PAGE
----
"The first and perhaps most fundamental defect of the statutory system is simply that there is too much law… the sheer mass of law, far from advancing the cause of safety and health, may have reached the point where it becomes counter-productive"Believe it or not, these extracts are not from a contemporary report, but from one written in 1972, by a committee chaired by Lord Robens on Safety and Health at Work.
The second main defect is that there is not only too much law, but too much of the existing law in intrinsically unsatisfactory. The legislation is badly structured, and the attempt to cover contingency after contingency has resulted in a degree of elaboration, detail and complexity that deters even the most determined reader. It is written in a language and style that renders it largely unintelligible to those whose actions it is intended to influence".
Two years later, we got the ground-breaking Health and Safety at Work Act, 1974, the thirty-year anniversary of which was celebrated by The Telegraph yesterday with an article headed: "Health and safety: Red tape threatens to undo the good work"
It notes the Health and Safety Act introduced "the first unified structure for dealing with this centrally important issue for employers and employees," which has transformed the attitude to safety in Britain's workplaces and dramatically cut the number of deaths and injuries connected with work.
Central to the spirit of the Act was that it was non-prescriptive. Rather than telling employers exactly what they could and could not do, it was based on goal-setting. Being non-prescriptive, the Act allowed the government to introduce regulations, supported by codes of practice, which give employers practical guidance on how to comply.
But, ever since it was introduced, the EU has undermined it, adding layer upon layer of complex, prescriptive regulation, of the very nature that Robens railed against. As a result, the Act has grown from a single statute into a mass of regulations that many in industry believe presents a serious challenge to the competitiveness of British business.
Cited by The Telegraph, Gary Booton, health, safety and environment director at the Engineering Employers' Federation, said that European directives were going way beyond realistic barriers and turning health and safety legislation into a burden likely to drive employers out of Britain.
Regulation had gone too far. "The main problem here is misdirection. There are real health and safety issues in our industries, about electrical safety, welding fumes, manual handling, moving about big structures - things that can really hurt and even kill people. But the Health & Safety Executive, when it enforces these directives as it has to, is going to be telling employers they should be spending their time and resources protecting workers from something that does them no harm.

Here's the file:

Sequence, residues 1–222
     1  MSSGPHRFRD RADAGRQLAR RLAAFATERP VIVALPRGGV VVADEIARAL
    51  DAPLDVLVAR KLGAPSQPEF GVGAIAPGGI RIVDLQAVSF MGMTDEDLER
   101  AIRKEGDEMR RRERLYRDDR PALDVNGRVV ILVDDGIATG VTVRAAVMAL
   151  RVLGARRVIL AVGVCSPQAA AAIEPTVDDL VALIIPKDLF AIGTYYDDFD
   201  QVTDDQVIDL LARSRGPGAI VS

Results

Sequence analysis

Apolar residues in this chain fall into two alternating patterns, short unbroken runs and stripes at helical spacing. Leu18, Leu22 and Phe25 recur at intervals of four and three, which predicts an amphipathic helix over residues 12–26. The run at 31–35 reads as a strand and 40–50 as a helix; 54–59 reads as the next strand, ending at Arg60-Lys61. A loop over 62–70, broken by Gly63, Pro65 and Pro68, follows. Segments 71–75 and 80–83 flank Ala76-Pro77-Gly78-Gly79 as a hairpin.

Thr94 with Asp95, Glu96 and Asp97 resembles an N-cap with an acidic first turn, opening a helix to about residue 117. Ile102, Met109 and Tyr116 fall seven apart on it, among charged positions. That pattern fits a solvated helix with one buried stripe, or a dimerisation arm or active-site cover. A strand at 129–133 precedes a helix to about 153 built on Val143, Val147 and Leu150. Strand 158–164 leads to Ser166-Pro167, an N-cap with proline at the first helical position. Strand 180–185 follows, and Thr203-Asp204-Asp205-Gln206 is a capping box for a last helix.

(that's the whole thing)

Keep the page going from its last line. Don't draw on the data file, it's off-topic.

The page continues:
"In terms of world performance, we are at the top of the health and safety league, but if you're an employer and you come under these ridiculous pressures, you're going to think about relocation."
Thus, Lord Robens’ work has gone to waste, undermined by the mindless bureaucrats of Brussels, but never fear, Mr Tony Blair is going to tackle EU "red-tape". That, at least, is what he told the CBI in Birmingham yesterday, also promising that he would require civil servants to take a more flexible approach to regulation.
"For decades, civil servants and politicians have prided themselves in dotting every "i" and crossing every "t" when legislating administrative rules," he said. "We need to change that approach to end gold-plating of European regulations, and rather than assuming everyone is a criminal who needs to be inspected to see if they are breaking the law, adopt a flexible approach to ensure we achieve our targets."
And thus did he pledge that he would make "better regulation" a centrepiece of the British presidency of the EU next year. But hang on a minute. Isn’t that exactly what the Dutch presidency offered in its own presidency statement?
It too identified "better regulation" as one of its priorities, noting that "European companies are overburdened by national and European legislation."
And guess what – the problem was to be tackled in Brussels "by means of the Action Plan for Simplifying and Improving the Regulatory Environment", which is meant to have been implemented by the end of 2004. If that is the case, what is the point of Blair making it one of his priorities and, if as we suspect, this latest "Action Plan" has absolutely no effect, what makes him think he can do any better?
In fact, against the regulatory ethos of the EU commission, Blair is but a babe in arms. He will have no more effect than the Dutch presidency, and the serried ranks of politicians before him, all of which have pledged to deal with red tape. What they should do, of course, is re-read Lord Robens’ report, but then his dictum was "less law", better law – something that the commission would never tolerate.
Forgive me, therefore, if I am entirely unimpressed by Mr Blair and his pledge. We’ve been there before.
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